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Interference Mitigation in a Hospitality Network?

New Contributor II
I have a wifi deployment at a hotel that sees a large amount of noise, both externally and within my network (read: 168 reported rogues over 24 hrs in a 28 AP deployment, mix of 7982 and 7762). These APs are mounted relatively close to each other, so I can saturate the property, and turn down power to reduce internal interference. About 1/3 are root, and 2/3 are mesh, with no more than 1 hop, and all mesh links >20dB.

I'm looking to mitigate interference as much as possible. My needs are such: I don't care about legacy devices (.11b), and am primarily focused on mobile devices, though laptops shouldn't suffer.

I have 2.4GHz set to 20MHz channel width, and 5 set to 40. I'm using 1, 4, 8, 11 for 2.4, and everything over 100 for 5. I've adjusted power on 2.4 several times, but can't find a happy medium. 5 is set to full. I have bss-minrate set to 5.5, and smartroam set to 3 (should encourage roam at m looking for any input on this config, and things I should tweak. I apologize for the book. Thanks for any help!

Esteemed Contributor II
What version ZD firmware? I'll give you some thoughts.

Lots of external APs and your APs are relatively close... I still suggest to let the
ZD Self Healing (Configure/Services) adjust your AP power, with Channelfly as
your channel selection method.

Check your Configure/Access Points, Access Point Policies, edit System Default
to confirm channels 1-11 are selected in your 2.4G range (over limit to four or hard
coded). This can help your 2.4g only clients.

If you configured Smart-Roam, you used the ZD CLI configure WLAN mode. I'd
say to configure "ofdm-only" under your WLAN, which will set the management
frames to use 6.0mb, and ignore CCK clients. Smart-roam with value of 3 may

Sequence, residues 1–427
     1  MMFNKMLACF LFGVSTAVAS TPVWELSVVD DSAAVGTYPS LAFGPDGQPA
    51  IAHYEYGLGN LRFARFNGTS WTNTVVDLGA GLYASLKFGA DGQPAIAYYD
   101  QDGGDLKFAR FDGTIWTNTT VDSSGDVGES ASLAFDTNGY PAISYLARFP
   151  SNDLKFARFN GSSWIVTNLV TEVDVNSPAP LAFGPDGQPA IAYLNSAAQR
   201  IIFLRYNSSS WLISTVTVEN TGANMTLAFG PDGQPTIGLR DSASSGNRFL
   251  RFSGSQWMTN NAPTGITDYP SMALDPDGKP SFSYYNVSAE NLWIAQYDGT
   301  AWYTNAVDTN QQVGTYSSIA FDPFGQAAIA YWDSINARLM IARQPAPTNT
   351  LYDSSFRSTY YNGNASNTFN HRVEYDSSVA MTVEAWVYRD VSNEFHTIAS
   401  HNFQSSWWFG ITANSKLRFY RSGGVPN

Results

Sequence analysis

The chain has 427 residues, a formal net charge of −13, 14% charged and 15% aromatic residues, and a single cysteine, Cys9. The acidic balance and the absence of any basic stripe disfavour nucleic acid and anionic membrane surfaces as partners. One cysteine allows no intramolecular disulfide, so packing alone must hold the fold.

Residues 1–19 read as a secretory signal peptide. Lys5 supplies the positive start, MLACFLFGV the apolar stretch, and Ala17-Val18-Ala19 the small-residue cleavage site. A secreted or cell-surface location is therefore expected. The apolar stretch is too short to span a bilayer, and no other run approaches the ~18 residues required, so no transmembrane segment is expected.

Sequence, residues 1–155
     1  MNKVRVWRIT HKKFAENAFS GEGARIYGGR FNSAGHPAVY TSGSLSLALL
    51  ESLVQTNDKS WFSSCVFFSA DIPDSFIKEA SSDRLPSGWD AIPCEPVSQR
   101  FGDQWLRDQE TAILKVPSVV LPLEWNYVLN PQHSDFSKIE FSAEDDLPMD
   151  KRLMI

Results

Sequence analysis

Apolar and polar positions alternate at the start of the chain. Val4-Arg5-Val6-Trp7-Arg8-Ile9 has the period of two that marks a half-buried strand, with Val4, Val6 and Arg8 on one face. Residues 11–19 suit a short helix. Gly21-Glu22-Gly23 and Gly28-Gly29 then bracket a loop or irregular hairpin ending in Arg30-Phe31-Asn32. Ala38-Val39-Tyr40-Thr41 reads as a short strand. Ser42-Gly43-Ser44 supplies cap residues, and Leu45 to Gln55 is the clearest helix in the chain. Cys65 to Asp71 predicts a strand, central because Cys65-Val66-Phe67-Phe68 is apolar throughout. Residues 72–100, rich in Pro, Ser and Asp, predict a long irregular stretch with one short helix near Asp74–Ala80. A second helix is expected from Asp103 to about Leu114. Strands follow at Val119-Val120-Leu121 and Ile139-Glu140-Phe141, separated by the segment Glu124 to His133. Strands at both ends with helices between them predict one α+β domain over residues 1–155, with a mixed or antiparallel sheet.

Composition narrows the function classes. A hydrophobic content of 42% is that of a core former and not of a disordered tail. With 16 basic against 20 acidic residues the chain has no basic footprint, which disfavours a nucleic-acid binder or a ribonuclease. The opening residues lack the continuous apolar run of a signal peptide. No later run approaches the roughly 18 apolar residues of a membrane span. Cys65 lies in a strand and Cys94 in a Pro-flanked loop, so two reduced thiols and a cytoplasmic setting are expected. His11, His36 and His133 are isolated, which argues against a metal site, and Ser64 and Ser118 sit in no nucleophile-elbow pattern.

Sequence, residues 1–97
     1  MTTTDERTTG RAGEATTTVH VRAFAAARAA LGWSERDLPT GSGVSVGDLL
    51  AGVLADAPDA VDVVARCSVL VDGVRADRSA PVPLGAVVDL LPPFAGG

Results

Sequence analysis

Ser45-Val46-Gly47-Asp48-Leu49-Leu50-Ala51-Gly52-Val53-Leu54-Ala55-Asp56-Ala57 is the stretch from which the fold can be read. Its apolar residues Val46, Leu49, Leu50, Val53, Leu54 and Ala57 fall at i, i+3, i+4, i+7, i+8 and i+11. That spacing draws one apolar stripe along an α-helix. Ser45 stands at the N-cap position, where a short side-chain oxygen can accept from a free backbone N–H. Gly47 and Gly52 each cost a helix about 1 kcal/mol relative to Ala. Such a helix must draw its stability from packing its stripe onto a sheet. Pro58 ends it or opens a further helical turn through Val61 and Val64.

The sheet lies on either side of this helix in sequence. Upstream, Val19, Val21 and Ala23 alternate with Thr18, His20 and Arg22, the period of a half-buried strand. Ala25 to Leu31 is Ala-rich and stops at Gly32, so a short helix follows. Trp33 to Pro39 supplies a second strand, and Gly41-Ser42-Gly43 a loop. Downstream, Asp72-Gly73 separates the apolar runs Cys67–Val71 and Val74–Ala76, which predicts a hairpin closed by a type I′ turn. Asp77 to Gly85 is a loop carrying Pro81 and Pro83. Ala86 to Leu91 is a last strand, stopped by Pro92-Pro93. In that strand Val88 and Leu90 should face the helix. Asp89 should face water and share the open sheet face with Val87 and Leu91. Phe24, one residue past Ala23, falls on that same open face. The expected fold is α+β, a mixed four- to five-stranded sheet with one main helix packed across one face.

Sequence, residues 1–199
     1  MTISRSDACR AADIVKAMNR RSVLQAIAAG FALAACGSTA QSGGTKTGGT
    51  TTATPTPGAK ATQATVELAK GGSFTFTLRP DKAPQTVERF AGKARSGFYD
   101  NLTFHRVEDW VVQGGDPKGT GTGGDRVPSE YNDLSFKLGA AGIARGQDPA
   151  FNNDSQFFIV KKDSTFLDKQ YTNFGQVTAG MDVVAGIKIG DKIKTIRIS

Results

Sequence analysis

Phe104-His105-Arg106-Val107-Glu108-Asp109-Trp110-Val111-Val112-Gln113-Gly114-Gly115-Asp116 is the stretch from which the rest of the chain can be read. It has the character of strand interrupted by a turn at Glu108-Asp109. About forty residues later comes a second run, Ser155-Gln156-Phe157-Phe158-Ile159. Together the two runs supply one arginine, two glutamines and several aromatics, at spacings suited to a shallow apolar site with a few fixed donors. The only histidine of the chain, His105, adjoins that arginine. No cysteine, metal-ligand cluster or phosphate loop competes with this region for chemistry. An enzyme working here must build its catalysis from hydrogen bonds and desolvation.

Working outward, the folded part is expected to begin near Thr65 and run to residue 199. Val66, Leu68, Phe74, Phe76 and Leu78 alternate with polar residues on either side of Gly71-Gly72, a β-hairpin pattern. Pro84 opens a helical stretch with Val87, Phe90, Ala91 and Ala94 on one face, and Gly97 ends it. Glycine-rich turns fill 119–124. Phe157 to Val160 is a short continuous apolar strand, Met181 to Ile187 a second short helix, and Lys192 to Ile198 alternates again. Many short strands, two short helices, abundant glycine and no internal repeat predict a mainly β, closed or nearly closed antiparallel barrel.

be helpful if needed, but test first with smart-roam disabled.

Channelfly can also be useful in 5G, unless you see your Root APs changing
channel too frequently. In that case, you may choose to run with it enabled
for a few hours/couple days, then disable Channelfly on 5G and leave your
APs on those chosen channels. I hope this is helpful.

Valued Contributor II
At what point is it worth considering 20MHz 5GHz channels to decrease co-channel interference?

I'm not sure I'd limit 5GHz to channels 100+ either, unless there's something about your regulatory domain.

New Contributor II
Thanks for the replies guys. I'm on 9.6.2 right now, might make the jump to 9.7.2. I do have self healing power enabled, but background scan for 2.4. On older firmwares I had issues with channelfly where APs wouldn't settle into a channel, so I only use it for 5, though I can try it. I set scan to 200 seconds so channel changes don't happen too often, killing clients.

For 2.4 AP group, I have 1, 4, 8, 11 selected, are you saying select all?

Is there really much functional difference to using ofdm-only vs just setting bss-min to 5.5? I doubt I'm seeing CCK clients in this environment. And the thought behind setting smartroam was to encourage clients to migrate before they hit the threshold and just get booted.

I only have 100+ channels on 5 because the lower channels don't broadcast at as high a power. There should be enough channels to select from that they don't interfere too much with each other. And I guess it's really a shouting contest with outside APs, not a whole lot I can do about 100-200 rogues. Even with this and 40MHz, the air time on the 5GHz radios doesn't seem too awful (looks like they're all under 10%, while 2.4 on some is as high as 50%).

Valued Contributor II
Higher power might not actually be a good thing. At least here in the US, I've found that the "low" powered channels are actually quite good in dense environments because they don't go through walls well — it limits the amount of interference you get from rogues.

At any rate, ChannelFly will do a better job of measuring actual capacity to choose a channel suitable. As long as you aren't really depending on the higher TX power of some 5GHz channels as a requirement for getting the range you need. If you are, that's probably part of your interference issue.

I've found that in a noisy environment, the Ruckus AP's do a good job of punching through the interference compared to consumer omnidirectional AP's, but the more interference there is, the closer you need to be to an AP in order to get decent data rates.